Lasers is an acronym for Light Amplification by Stimulated emission of Radiation. Lasers emit light on the electromagnetic spectrum that can be very useful but also hazardous if not controlled properly. Lasers are referenced as specific devices having the properties listed below from wavelengths of 180nm-1mm (ANSI Z136.1).



Lasers emit light that is;

  1. Directional: does not expand as easily as    regular light (travels much further),
  2. highly coherent: identical in wavelength      and phase,
  3. monochromatic: identical wavelength   (very narrow band)

Radiation Shielding

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  • Types of Radiation
  • Radiation Shielding
  • Typical isotopes
  • Measuring Radiation
  • Laser Safety

​ALPHA-

  • two protons and two neutrons
  • shielded by a piece of paper
  • can not penetrate the dead skin layer
  • Concern for internal exposures

Having the appropriate radiation shielding when working with radioactive material can greatly decrease the potential for exposures.  It is also important to understand that certain shielding material should  not be used for other radiations. 

Examples of improper use include:

  1. Lead (high-Z material) should not be used to shield beta radiation because it can create bremsstrahlung radiation.
  2. Lead can be used for shielding alphas, but so can paper (which is much cheaper)

Radiation is everywhere: Sources of radiation


Natural radiation sources include cosmic rays from space, cosmogenic radionuclides, and primordial radionuclides and their progeny. Some of these radionuclides are found in the food we eat, air we breathe, and even in our own bodies. We have limited practical options for avoiding exposure to many of these natural radiation sources.  

Man-made radiation sources (of which we can help control) include; diagnostic imaging and radiotherapy machines, sources used for nuclear medicine, sources used for radiography and well logging, nuclear power plants,  particle accelerators, consumer products, and laser cutters and welders.

Lasers

  • 180nm-1mm wavelength (ANSI Z 136.1)
  • eye and skin hazard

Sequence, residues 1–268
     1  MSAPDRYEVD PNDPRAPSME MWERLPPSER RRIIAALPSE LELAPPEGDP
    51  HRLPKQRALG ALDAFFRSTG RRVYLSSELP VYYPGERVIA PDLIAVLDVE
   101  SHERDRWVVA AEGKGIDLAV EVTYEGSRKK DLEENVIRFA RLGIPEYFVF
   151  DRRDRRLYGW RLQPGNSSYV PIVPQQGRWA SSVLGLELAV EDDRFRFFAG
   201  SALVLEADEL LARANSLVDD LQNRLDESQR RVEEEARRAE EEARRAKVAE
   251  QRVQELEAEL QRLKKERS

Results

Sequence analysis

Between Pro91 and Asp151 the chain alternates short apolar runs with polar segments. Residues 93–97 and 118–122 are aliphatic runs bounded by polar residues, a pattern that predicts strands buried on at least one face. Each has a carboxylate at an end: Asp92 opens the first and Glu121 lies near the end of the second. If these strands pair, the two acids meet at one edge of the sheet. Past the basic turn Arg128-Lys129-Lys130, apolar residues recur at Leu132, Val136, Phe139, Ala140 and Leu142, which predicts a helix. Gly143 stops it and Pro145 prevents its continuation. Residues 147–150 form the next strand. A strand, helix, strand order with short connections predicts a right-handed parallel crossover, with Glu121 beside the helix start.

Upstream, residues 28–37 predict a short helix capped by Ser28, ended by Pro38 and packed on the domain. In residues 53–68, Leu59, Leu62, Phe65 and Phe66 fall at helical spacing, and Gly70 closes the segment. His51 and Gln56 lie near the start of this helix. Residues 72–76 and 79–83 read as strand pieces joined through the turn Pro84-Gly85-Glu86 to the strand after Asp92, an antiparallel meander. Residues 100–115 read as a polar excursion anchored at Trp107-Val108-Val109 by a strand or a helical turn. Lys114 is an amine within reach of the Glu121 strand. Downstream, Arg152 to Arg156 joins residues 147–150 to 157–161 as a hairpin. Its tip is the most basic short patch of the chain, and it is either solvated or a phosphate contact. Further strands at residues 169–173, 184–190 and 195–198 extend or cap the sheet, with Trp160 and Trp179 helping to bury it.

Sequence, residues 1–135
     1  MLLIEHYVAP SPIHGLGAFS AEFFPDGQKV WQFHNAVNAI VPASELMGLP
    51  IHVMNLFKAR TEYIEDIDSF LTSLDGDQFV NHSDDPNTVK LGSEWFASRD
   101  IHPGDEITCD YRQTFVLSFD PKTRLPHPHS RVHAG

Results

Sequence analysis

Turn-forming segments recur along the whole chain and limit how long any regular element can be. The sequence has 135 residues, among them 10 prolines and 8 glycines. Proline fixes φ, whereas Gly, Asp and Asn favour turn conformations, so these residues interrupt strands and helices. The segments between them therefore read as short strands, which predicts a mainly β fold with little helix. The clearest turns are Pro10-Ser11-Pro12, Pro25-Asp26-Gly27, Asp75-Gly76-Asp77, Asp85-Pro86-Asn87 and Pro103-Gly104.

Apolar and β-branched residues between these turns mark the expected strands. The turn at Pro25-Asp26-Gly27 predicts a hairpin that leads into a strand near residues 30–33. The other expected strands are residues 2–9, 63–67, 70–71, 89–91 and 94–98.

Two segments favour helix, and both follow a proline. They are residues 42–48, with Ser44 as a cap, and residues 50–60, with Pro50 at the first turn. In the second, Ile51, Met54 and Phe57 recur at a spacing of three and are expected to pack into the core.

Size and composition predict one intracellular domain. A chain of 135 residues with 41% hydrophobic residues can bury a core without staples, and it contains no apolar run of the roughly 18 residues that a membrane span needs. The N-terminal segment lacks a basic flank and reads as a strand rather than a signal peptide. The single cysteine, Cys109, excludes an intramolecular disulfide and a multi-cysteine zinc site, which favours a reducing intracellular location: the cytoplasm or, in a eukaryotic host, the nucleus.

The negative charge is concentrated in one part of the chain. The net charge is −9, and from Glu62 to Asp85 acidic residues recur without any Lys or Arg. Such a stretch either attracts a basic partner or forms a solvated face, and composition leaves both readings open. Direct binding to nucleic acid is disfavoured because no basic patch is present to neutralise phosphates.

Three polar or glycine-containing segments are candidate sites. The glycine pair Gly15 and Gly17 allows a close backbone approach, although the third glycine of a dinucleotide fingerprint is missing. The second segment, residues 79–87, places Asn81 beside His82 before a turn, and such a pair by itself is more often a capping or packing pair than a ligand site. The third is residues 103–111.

• Ancillary hazards (Fire, LGAC)
  • shielded like light (high power requires curtains)

Not all radiation detectors can be treated as equal.  The most important aspect of any detector is understanding its capabilities and limitations. Although we can help you choose the correct detector for your needs, following the information presented here can also be helpful.

  1. Determine whether you want to measure radiation exposure or radioactivity
  2. Determine what configuration will meet your needs (portable, swipe counter, gamma spectroscopy, effluent, etc.)
  3. Compile a list of types of radiations (beta, gamma, etc.) and the isotope if possible, to determine the energy of the radiations that need to be measured.
  4. Research detector manufacturers and detectors capable of completing the task.  Communicate with the manufacturer and even request a trail or demonstration of the device, if possible 

Magnetic fields

  • flying metal objects hazards
  • posting above 5 Gauss
  • pacemaker hazard
  • electronic de-activation (e.g. credit cards)

Neutrons-

  • From the atom nucleus
  • shielded by water (hydrogen)
  • can make items radioactive

Ultraviolet

  • Eye and skin hazards
  • Cancer (prolonged exposure) 

 Region 

 Range (nm) 

  Damage  

UV-C

190-290

skin & eye

UV-B

290-320

skin & eye

UV-A

320-400

Cataracts

Quick Reference Guides

Laser Safety

RADIATION DETECTOR VENDORS (Some)

Non-ionizing radiation

PHOTONS- 

  • electromagnetic energy
  • gamma and x-rays 
  • shielded by lead (high Z mat.) 
  • can penetrate deep tissue



Types of Radiation

Radiation Protection Consultant

microwave & Rf

  • large spectrum          
  1. Microwave 300MHz - 300GHz      
  2. RF 3kHz - 300GHz
  • Radio, telecommunications, etc.
  • in research, industry, facilities
  • main hazard (heating & burns)

.

BETA- 

  • electron 
  • shielded by plastic (low Z mat.)
  • 70keV beta to penetrate the dead skin
  • highest concern for localized skin exposures


Measuring Radiation

Radiation Safety Questions?

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Typical isotopes

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Ionizing Radiation

Presented here is a simple list of popular isotopes (referred to as CHIPS) and their properties .